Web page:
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Fiber Optic and Atmospheric Optical Communication




Fiber Optic and Atmospheric Optical Communication

Nathan Blaunstein, Shlomo Engelberg, Evgenii Krouk, Mikhail Sergeev

ISBN: 978-1-119-60199-9 November 2019 Wiley-IEEE Press 300 Pages


This book answers the fundamental question of how to characterize and overcome the drawbacks associated with optical communication links that suffer from various types of fading when optical signals with information traverse these wireless (atmospheric) or wired (fiber optic) channels. The authors present material to help the reader predict the capacity, data rate, spectral efficiency, and bit-error-rate (BER) associated with a channel that experiences fading. It also presents modulation techniques and methods of coding and decoding that are useful when implementing communications systems. The book discusses how to model the channels, including treating distortion due to the various fading phenomena. Light waves and their similarity to radio waves are described, and the way light propagates through the atmosphere, through materials, and through the boundary between two materials is explained. This book also presents modulation techniques and methods of coding and decoding that are useful when implementing communications systems.

Part I: Optical Communication Links Fundamentals 

Chapter 1: Basic Elements of Optical Communication

1.1 Spectrum of Optical Waves

1.2 Optical Communication in Historical Perspective

1.3 Optical Communication Link Presentation


Chapter 2: Optical Wave Propagation

2.1 Similarity of Optical and Radio Waves

2.2 Electromagnetic Aspects of Optical Waves Propagation 

2.3 Propagation of Optical Waves in Free Space

2.4 Propagation of Optical Waves through the Boundary of Two Media

2.4.1 Boundary conditions

2.4.2 Main formulations of reflection and refraction coefficients

2.5 Total Intrinsic Reflection in Optics

2.6 Propagation of Optical Waves in Material Media



Part II: Fundamentals to Optical Communication

Chapter 3: Types of Signals in Optical Communication Channels

3.1 Types of Optical Signals

3.2 Mathematical Description of Narrowband Signals

3.3 Mathematical Description of Wideband Signals


Chapter 4: Main Principles of Discrete Signals Coding and Decoding

4.1 Basic concepts of Coding and decoding

4.1.1 General connection scheme

4.1.2 The binary symmetric channel (BSC)

4.1.3 Channel model with AWGN

4.2 Basic Aspects of Coding and Decoding

4.2.1 Criteria of coding

4.2.2 Code parameters for error correction

4.2.3 Linear codes

4.2.4 Estimation of error probability of decoding

4.3 Codes with Algebraic Decoding

4.3.1 Cyclic codes

4.3.2 BCH codes

4.3.3 Reed-Solomon codes

4.4 Decoding of Cyclic Codes


Chapter 5: Coding in Optical Communication Channels

5.1 Peculiarities of Cyclic Codes in Communication Systems

5.2 Codes with Low Density of Parity Checks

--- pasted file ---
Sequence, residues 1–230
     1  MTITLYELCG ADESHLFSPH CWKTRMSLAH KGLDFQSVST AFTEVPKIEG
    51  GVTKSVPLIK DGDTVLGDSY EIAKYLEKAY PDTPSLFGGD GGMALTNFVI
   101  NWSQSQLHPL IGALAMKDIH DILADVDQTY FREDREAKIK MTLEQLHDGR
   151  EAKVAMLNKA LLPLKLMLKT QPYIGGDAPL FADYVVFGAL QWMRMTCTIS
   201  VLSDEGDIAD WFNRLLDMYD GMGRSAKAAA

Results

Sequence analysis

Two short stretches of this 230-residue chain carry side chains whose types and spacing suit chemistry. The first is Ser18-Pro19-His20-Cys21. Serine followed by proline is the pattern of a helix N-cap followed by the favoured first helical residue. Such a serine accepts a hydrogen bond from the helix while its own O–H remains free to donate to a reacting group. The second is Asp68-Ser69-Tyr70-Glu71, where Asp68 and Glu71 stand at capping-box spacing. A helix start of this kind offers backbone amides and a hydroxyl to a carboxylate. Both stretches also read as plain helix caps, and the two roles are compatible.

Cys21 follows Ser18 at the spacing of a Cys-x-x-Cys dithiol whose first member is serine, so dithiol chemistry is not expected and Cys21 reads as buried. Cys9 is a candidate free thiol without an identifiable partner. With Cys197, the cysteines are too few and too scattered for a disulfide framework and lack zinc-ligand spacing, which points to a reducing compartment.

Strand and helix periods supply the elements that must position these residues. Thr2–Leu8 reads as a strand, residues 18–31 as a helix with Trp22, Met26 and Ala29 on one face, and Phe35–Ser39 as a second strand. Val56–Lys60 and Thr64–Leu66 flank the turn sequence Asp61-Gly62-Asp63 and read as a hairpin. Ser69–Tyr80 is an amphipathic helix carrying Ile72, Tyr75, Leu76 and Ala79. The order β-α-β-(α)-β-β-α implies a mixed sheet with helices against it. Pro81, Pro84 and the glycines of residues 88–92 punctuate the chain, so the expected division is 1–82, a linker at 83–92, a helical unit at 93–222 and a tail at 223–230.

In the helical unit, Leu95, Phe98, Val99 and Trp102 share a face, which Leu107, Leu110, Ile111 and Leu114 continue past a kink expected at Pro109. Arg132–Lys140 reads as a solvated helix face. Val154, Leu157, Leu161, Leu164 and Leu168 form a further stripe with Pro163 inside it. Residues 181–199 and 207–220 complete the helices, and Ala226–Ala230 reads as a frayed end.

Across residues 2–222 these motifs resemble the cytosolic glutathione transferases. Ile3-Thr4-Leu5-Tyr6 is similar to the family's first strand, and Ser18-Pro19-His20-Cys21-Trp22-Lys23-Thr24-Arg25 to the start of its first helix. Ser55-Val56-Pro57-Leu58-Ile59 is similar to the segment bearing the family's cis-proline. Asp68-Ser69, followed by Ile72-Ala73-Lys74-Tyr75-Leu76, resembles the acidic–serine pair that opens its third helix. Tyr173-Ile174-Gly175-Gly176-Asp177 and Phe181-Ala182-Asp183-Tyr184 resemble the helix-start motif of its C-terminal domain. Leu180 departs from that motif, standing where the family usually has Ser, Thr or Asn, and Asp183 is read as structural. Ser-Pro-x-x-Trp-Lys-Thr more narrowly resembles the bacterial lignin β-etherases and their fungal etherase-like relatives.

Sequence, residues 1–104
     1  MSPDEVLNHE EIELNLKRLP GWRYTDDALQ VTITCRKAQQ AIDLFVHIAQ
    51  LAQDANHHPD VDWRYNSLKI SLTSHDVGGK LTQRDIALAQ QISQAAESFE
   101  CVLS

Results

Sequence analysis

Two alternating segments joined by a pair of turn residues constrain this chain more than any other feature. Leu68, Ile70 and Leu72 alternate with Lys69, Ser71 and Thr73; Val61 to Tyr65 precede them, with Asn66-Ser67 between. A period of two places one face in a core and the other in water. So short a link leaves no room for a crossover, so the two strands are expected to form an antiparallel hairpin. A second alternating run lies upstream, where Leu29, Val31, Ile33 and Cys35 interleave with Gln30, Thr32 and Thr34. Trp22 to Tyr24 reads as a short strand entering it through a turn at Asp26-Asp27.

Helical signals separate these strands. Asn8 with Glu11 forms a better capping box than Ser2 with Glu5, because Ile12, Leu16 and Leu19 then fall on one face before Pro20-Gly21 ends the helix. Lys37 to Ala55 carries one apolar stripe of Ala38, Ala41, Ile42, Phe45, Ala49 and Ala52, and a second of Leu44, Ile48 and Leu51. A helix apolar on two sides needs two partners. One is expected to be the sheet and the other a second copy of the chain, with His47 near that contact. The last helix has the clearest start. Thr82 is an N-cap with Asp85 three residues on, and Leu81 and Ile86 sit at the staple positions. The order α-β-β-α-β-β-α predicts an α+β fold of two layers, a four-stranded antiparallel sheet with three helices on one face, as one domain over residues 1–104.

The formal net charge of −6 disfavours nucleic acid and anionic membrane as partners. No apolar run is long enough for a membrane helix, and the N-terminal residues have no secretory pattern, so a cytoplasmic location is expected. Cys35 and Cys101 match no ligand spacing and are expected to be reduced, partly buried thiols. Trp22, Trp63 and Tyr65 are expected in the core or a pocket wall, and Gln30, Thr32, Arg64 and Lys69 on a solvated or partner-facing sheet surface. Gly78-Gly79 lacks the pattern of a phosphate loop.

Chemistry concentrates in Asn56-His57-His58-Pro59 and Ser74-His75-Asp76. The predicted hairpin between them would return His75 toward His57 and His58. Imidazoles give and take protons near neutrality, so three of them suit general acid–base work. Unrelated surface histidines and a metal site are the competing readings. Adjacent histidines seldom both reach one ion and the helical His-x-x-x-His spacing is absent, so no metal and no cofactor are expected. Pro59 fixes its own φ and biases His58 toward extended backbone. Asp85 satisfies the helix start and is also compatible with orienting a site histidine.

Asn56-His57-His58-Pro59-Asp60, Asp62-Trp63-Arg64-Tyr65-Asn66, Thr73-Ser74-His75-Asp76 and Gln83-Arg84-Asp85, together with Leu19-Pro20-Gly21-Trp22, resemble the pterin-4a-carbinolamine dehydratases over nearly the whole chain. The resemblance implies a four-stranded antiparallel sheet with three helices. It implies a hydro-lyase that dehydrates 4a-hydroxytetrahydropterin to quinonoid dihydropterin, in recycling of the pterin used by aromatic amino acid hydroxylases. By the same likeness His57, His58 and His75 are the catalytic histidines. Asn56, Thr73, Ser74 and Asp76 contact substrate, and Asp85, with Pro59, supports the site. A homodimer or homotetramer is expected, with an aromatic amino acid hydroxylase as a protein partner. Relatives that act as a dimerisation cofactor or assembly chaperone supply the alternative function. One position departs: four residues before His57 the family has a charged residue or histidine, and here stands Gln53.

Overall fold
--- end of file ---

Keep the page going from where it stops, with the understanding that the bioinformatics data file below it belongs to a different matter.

5.2.1 Basic definitions

5.2.2 Decoding of LDPC-codes

5.2.3 Construction of the irregular LDPC codes

5.2.4 Construction of the regular LDPC-codes

5.3 Methods of Combining Codes

5.4 Coding in Optical Channels


Chapter 6: Fading in Optical Communication Channels

6.1 Parameters of Fading in Optical Communication Channel

6.1.1 Time dispersion parameters

6.1.2 Coherence bandwidth

6.1.3 Doppler spread and coherence time

6.2 Types of Small-Scale Fading

6.2.1 Narrowband optical links with fading

6.2.2 Wideband optical links with fading

6.3 Mathematical Description of Fast Fading

6.4 Mathematical Description of Large-Scale Fading


Chapter 7: Modulation of Signals in Optical Communication Links

7.1. Analogue Modulation

7.1.1 Analog amplitude modulation

7.1.2 Analog angle modulation - frequency and phase

7.1.3 Spectra and bandwidth of FM or PM signals

7.1.4 Relations between SNR and bandwidth in AM and FM signals

7.2 Digital Signal Modulation

7.2.1 Main parameters of digital modulation

7.2.2 Linear digital modulation

7.2.3 Non-linear digital modulation



Chapter 8: Optical Sources and Detectors

8.1 Emission and Absorption of Optical Waves

8.2 Operational Characteristics of Laser

8.3 Light-Emitted Sources and Detectors

8.3.1 Light-emitted p-n type diode

8.3.2 Laser p-n type diode

8.3.3 Photodiode

8.3.4 PiN and p-n photodiodes – principle of operation

8.4 Operational Characteristics of Light Diodes


Part III: Wired Optical Communication Links 

Chapter 9: Light Waves in Fiber Optic Guiding Structures 

9.1. Propagation of Light in Fiber Optic Structures

9.1.1 Types of optical fibers

9.1.2 Propagation of optical wave inside the fiber-optic structure


Chapter 10: Dispersion Properties of Fiber Optic Structures

10.1 Characteristic parameters of fiber optic structures

10.2 Dispersion of optical signal in fiber optic structures


Part IV: Wireless Optical Channels

Chapter 11: Atmospheric Communication Channels

11.1 Basic Characteristics of Atmospheric Channel

11.2 Effects of Aerosols on Atmospheric Communication Links

11.3 Effects of Hydrometeors

11.3.1 Effects of Fog

11.3.2 Effects of Rain

11.3.3. Effects of Clouds

11.4 Effects of Turbulent Gaseous Structures on Optical Waves Propagation

11.4.1 Turbulence Phenomenon

11.4.2 Scintillation Phenomenon of Optical Wave passing the Turbulent Atmosphere

11.4.3 Effects of Atmosphere Turbulences on Signal Fading

11.5 Optical Waves Propagation Caused by Atmospheric Scattering


Part V: Parameters of Signals in Atmospheric and Fiber Optic Communication Links

Chapter 12: Transmission of Information Data in Optical Channels: Atmospheric and Fiber Optics

12.1 Characteristics of Information Signal Data in Optical Communication Links

12.2 Bit-Error-Rate of Optical Communication Channel

12.3 Relations between Signal Data Parameters and Fading Parameters in Atmospheric Links

12.4 Effects of Fading in Fiber Optic Communication Link